So unless you have plenty of extra funds socked away, it may simply be impractical to carry out a successful Big Year in one of those larger areas. While it is often difficult to distinguish between ordinary expenses and Big Year expenses, I estimate that Lani and I spent a minimum of $35,000 in additional expenses to carry out her Big Year.

No matter how much passion you have for birding, it’s essential to prepare an accurate budget in advance to make sure you have enough money set aside to make it all the way through your Big Year.


There are many factors that make for a successful Big Year, including excellent birding skills in the field, and patience and perseverance when the going gets tough and you miss finding key Target Birds. There is also the true grit necessary to overcome the exhaustion of constant 12-to-14 hours in the field, lack of sleep from early mornings of birding and late nights of planning.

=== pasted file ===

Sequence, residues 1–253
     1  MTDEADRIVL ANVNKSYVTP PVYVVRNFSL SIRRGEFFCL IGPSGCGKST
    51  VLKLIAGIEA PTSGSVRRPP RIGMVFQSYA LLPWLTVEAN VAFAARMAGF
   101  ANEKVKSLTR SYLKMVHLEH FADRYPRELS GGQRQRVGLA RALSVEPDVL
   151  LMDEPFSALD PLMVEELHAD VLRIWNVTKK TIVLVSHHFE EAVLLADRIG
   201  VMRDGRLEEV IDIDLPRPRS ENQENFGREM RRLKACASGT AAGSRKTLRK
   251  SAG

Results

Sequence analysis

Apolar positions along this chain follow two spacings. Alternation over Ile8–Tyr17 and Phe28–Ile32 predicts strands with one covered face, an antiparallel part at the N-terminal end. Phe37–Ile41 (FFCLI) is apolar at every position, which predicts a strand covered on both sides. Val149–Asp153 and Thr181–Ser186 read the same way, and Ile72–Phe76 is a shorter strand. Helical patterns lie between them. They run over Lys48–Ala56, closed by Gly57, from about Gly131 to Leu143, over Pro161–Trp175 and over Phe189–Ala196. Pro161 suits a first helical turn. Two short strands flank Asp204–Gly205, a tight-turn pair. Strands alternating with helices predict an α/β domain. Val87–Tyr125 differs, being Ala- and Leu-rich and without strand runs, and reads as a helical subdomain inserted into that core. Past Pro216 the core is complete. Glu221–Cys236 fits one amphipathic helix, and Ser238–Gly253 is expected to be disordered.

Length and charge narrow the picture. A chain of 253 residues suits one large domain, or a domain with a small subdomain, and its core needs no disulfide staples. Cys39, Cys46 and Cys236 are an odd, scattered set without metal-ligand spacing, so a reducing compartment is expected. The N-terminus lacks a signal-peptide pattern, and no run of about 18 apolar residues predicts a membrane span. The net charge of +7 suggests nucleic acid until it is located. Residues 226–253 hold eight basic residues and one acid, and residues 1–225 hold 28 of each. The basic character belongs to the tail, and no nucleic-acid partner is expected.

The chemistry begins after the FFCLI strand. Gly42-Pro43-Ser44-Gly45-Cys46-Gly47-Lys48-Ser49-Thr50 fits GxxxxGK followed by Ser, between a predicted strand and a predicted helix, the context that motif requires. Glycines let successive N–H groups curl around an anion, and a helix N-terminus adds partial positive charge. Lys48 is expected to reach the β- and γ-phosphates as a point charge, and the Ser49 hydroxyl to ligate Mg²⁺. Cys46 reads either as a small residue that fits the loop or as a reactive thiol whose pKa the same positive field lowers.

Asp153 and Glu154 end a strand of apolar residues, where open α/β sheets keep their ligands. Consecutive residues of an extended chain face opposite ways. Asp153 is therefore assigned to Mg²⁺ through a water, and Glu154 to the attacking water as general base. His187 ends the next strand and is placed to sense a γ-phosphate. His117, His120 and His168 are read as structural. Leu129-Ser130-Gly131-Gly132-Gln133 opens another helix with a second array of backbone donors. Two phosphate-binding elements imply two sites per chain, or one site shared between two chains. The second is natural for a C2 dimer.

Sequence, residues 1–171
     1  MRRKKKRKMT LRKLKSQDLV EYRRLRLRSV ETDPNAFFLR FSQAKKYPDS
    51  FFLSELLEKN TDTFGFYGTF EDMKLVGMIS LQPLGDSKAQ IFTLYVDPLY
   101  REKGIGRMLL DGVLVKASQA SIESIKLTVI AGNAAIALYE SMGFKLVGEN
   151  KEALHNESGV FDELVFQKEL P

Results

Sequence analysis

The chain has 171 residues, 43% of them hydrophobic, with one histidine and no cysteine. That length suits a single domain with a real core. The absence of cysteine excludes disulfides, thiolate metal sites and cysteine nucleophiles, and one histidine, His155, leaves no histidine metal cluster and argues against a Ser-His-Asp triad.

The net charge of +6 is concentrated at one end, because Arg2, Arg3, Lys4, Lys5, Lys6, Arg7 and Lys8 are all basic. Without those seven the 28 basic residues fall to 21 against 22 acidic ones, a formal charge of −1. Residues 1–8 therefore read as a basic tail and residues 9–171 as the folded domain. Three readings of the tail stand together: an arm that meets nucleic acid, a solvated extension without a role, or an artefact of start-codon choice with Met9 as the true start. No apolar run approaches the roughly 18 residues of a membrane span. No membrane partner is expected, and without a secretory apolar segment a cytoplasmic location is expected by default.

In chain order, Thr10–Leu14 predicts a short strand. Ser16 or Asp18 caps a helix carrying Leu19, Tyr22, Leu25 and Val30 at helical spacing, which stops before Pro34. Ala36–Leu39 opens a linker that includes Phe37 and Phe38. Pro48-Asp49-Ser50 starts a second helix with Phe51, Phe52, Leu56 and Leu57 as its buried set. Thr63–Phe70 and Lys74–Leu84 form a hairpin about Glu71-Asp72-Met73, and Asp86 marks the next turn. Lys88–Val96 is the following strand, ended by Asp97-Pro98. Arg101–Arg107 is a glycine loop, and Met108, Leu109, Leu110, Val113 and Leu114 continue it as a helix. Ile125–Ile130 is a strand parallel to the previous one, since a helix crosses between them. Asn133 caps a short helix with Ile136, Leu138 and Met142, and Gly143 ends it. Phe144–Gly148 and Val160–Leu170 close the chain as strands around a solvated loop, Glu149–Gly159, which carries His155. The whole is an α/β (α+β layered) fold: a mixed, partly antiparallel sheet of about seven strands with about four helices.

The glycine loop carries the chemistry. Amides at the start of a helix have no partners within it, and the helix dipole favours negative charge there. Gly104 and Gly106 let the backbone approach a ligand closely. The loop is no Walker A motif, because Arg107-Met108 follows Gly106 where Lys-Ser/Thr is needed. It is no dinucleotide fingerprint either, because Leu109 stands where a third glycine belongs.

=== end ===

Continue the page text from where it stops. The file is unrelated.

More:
Given these challenges, there is no question that substantial detailed planning for six to twelve months before your Big Year begins is crucial to a successful outcome.

Lani Rumbaoa and George Peyton at Magee Marsh during Lani's Big Year
Lani Rumbaoa and George Peyton at Magee Marsh during Lani’s Big Year

George Peyton practiced law for 44 years, dividing his time between a private practice and work as Piedmont City Attorney. He has served on the boards of Golden Gate Bird Alliance, Point Blue (formerly PRBO), Audubon Canyon Ranch, and National Audubon. He played a leading role in National Audubon’s work to save Mono Lake. He has been an active birder for 66 years and seen about 6,500 bird species. Click here to read a series of his posts written during Lani Rumbaoa’s Big Year.